Former Metro officers: video of Hambrick shooting isn’t enough proof

 

Three former Metro Police officers, all trained on the deadly use of force, said that the video showing the shooting of 25-year-old Daniel Hambrick by a Metro Police officer isn’t enough proof to show that deadly force was necessary.

The three officers reviewed the video and spoke on anonymity to the News4 I-Team because of their ongoing ties to the Metro Nashville Police Department.

Hambrick, who is black, was shot and killed on July 26 by officer Andrew Delke, who is white.

Several different camera angles capture the last moments of Hambrick’s life.

Hambrick and two others fled from a car that police suspected may have been the same vehicle seen driving erratically earlier and fleeing from police.

One camera angle shows the parking lot of the John Henry Hale Apartments, where Hambrick can be seen running from Delke.

Another angle shows Hambrick run around a corner with Delke pursuing, and a close examination of the video shows he has something in Hambrick’s hand, but it is unclear what.

The two then run past a tree that obscures that particular camera.

TBI spokesman Josh DeVine said investigators believe Hambrick was carrying some kind of dark object, but it is unclear from the video if it was a gun.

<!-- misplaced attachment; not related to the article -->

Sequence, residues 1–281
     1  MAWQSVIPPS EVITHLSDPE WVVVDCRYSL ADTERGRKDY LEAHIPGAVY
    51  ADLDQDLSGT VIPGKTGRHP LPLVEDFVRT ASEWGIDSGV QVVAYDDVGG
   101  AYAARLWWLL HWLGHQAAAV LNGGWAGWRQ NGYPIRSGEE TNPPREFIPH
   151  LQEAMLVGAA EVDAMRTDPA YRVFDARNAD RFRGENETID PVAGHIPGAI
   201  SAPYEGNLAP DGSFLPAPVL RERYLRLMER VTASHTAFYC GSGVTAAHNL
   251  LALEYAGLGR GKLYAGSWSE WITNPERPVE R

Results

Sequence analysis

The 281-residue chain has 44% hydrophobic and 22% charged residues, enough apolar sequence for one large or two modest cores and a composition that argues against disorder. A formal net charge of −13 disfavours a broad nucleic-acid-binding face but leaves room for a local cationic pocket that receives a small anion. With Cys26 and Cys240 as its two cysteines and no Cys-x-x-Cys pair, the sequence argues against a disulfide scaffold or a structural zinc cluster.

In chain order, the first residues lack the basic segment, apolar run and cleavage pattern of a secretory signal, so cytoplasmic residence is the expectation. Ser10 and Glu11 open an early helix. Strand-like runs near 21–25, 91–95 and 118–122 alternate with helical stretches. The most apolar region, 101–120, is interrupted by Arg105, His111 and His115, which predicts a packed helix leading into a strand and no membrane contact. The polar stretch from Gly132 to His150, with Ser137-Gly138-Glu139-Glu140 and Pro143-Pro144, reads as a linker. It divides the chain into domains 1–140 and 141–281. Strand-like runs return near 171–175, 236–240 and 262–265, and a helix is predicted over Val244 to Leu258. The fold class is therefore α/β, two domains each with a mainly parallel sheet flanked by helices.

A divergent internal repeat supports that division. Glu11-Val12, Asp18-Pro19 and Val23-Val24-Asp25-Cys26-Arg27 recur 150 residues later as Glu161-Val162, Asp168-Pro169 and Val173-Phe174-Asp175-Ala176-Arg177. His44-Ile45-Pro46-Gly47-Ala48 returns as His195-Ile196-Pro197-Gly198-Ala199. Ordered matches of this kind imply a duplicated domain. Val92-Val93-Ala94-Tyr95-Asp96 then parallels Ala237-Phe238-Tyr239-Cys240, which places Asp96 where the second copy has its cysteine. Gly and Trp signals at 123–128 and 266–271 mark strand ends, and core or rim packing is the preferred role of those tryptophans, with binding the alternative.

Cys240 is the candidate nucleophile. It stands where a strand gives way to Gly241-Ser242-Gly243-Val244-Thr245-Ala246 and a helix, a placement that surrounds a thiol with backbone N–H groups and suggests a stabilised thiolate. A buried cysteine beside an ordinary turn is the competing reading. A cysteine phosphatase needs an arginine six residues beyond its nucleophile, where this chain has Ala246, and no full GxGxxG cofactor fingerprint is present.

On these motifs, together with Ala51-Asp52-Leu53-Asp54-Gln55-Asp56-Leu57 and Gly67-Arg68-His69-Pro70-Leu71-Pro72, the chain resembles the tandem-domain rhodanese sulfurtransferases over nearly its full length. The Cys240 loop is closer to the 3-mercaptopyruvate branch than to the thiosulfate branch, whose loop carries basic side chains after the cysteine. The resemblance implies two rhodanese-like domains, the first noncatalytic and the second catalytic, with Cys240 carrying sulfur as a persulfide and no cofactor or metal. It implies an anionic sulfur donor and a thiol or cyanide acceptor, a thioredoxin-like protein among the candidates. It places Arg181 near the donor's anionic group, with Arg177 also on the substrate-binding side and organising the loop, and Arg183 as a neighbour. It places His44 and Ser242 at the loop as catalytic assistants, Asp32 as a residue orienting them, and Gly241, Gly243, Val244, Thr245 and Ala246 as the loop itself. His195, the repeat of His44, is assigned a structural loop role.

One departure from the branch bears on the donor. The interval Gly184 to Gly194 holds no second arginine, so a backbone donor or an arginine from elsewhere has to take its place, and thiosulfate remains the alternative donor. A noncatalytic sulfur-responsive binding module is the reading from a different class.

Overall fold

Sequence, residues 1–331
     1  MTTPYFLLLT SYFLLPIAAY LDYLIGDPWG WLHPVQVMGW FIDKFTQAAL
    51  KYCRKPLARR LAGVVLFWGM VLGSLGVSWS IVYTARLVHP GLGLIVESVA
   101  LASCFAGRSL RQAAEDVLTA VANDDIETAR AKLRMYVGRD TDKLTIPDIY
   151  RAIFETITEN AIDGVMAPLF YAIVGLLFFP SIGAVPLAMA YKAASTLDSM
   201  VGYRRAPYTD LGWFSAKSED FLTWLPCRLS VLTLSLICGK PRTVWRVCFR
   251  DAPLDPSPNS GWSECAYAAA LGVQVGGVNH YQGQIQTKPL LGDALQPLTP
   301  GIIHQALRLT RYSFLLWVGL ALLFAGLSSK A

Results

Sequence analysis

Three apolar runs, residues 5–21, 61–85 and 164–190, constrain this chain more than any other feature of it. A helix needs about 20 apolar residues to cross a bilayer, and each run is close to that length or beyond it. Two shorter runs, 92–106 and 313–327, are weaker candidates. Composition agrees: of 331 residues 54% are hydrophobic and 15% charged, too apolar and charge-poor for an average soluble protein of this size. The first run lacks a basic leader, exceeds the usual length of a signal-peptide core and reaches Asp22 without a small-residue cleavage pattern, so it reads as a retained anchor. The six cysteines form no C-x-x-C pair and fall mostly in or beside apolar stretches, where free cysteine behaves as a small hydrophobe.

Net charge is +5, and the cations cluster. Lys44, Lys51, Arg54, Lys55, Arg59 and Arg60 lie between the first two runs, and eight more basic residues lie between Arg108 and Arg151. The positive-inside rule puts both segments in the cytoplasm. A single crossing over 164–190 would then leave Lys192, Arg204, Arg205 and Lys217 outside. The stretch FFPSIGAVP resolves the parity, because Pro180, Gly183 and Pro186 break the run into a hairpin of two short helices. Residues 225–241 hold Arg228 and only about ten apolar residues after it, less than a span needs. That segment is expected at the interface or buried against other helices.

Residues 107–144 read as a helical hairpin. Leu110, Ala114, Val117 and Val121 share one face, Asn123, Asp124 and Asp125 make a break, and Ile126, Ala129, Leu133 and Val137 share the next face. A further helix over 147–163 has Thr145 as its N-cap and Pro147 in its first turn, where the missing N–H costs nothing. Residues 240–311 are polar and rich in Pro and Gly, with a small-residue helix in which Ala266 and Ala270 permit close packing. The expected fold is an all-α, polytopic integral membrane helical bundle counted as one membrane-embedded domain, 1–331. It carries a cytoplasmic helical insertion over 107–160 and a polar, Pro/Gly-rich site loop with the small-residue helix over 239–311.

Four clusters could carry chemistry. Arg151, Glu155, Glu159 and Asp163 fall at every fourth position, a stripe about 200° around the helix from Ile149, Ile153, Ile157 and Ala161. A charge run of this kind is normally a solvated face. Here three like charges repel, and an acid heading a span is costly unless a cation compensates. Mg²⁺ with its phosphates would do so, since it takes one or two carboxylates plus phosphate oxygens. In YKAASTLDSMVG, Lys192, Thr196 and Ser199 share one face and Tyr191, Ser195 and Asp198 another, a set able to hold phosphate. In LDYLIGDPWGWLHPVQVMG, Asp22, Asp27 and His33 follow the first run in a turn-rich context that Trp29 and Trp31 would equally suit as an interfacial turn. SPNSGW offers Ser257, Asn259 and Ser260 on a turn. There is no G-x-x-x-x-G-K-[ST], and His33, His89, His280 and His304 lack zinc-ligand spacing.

A gun was found at the scene of the shooting, but it is unclear if it was Hambrick’s weapon, according to DeVine.

Another camera angle from nearby Martin Luther King Jr. Magnet School is from much further away but captures the actual shooting.

The video is grainy, but Hambrick can be seen running and appears at one point looking back to the officer, but not motioning towards Delke.

The video shows Delke fire at Hambrick in the back as he is running away and Hambrick falls to the ground and doesn’t move.

The three former Metro officers who reviewed the videos said they don’t show that Hambrick demonstrating he was a threat to the officer or to people nearby.

The former officers said in order to use deadly force, a suspect must demonstrate he is going to harm an officer to others in the vicinity.

The former officers said that Delke must now demonstrate why he considered Hambrick to be a deadly threat.

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